The goal is to not be motivated by “being good” or even “looking good” but by feeling good.This is driven from within and by what is truly important to you. So you’d wonder, wanting to be healthy isn’t enough? “…Knowing when you feel good and wanting to do what’s needed to keep feeling that way is an example of intrinsic or internal motivation. Unfortunately, many people are so disconnected from their bodies,  according to Andersen, that they don’t know when they feel good, or bad…”2*

According to Andersen, the key to this internal motivation comes from connecting to your body and your internal motivation through mindfulness. Being present, in the moment and listening to our bodies, our mood and our mental state. How do certain foods make you feel after you eat them? When we notice that certain foods that we eat, and in particular combinations and at certain times make us either feel good or not good, we can start really listening to our bodies, and then let our bodies tell us what to do. If you eat a donut and while it tastes delicious in the moment makes you feel awful afterward, you can listen to your body enough to know that you don’t want to do that again. Or, if you eat lots of vegetables and lean meat and you wake up the next morning feeling lighter and more energized, you will want to repeat that behavior. 2*

This is so very important because it keys right into the gut. When we feed our microbiome foods that only perpetuate the growth of candida and other bad bacteria, we feel bad. We feel foggy, tired and weighted down. When we replace that with foods that feed the good bacteria, we feel better overall. We feel energized, happier and healthier. But it does take conscious mindfulness to really want to make this a habit. Remember, habits become our destiny, so good habits are important. 2*

When our guts are populated with bad bacteria, it can feel comforting to eat those foods that feed that bacteria because they are hungry, causing us to crave these foods. Beating a junk food habit can be extremely hard for this reason. It can even be uncomfortable and unsatisfying at first. But with regularity and increasing the Probiotics that go into our guts, we can starve out the unfriendly bacteria and replace it with healthy bacteria that make us feel good, boost our immune system which makes us feel healthier. We can do this through a regular regimen of Body Biotics™ Bio-Identical SBO Probiotics Consortia™ and then eating the right foods that support a healthy microbiome.2*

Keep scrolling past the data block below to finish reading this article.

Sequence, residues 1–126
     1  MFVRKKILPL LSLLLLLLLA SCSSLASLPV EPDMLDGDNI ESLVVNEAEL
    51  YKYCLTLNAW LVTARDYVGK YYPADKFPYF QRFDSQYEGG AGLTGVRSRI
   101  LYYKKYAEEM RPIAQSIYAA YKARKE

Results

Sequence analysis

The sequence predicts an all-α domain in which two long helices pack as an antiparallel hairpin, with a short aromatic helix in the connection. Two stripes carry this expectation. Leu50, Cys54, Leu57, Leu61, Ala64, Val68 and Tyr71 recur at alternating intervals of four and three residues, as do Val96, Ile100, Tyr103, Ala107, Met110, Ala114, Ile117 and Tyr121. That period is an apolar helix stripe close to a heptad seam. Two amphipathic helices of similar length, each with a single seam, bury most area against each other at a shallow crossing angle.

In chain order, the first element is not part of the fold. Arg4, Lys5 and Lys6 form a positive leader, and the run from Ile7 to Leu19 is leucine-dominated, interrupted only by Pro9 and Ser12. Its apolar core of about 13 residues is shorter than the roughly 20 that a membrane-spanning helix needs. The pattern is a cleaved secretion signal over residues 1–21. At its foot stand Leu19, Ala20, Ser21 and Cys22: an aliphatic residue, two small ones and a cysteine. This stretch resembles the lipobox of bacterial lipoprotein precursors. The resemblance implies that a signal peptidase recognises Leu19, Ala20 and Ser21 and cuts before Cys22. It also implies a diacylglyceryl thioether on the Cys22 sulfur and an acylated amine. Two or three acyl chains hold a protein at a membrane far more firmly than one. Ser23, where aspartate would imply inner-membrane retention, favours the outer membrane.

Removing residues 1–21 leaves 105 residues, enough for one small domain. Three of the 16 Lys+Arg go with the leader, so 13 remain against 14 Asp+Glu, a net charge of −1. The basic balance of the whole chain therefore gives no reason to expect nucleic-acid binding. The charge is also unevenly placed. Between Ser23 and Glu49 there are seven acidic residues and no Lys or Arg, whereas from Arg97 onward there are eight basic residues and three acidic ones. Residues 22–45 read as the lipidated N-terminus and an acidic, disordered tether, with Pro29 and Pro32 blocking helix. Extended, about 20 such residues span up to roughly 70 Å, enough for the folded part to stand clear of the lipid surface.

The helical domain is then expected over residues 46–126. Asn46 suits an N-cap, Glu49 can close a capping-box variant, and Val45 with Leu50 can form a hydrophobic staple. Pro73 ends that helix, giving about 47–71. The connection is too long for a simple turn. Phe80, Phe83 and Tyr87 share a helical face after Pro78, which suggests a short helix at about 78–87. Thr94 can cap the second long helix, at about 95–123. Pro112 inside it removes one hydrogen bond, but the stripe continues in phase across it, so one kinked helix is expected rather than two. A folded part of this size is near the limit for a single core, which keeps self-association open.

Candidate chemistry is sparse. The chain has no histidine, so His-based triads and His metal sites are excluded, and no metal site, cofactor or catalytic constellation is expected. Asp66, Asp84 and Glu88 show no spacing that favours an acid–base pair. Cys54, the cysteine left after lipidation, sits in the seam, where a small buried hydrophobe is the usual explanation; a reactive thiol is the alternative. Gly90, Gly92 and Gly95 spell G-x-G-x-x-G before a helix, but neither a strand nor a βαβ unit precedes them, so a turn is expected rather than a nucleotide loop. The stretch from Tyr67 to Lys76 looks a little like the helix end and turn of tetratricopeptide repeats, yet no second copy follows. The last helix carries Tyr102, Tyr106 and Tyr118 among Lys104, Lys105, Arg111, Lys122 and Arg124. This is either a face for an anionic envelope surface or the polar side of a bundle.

“…By simply pausing and noticing our awareness of behaviors that make us feel good can create new reward pathways in our brains…” It is inch by inch, rather than a big reward at the end of a long day such as having a big meal or a hot fudge sundae which tastes good in the moment but not in the long run. Learning to reward ourselves in more healthy ways is the key. Instead of making choices out of shame, a need to feel secure or comforted, we start making food choices based on competence, knowledge and conscious choices rather than out of habit or fear.2*

One helpful way to start off on the right foot is to always make the first food you eat each day a healthy one. A vegetable scramble, whole grain toast with avocado, oatmeal with fresh fruit will keep your body on the right track and tell your microbiome what to crave for the rest of the day. If you start your day with high sugar or processed foods, your body will key into that and just crave more as your glucose levels spike, craving more sugar. Even if you aren’t a “breakfast person” just make sure that no matter what time you eat, you eat something that is going to feed your good bacteria and nourish your body as a whole. Remember our actions lead to habits and our habits lead to our destiny. What is your destiny?2*

Healthiest wishes,





  1. https://www.psychologytoday.com/us/blog/behernow/201709/why-changing-eating-habits-permanently-is-so-hard
  2. https://www.psychologytoday.com/us/blog/behernow/201710/the-secret-changing-eating-behavior-good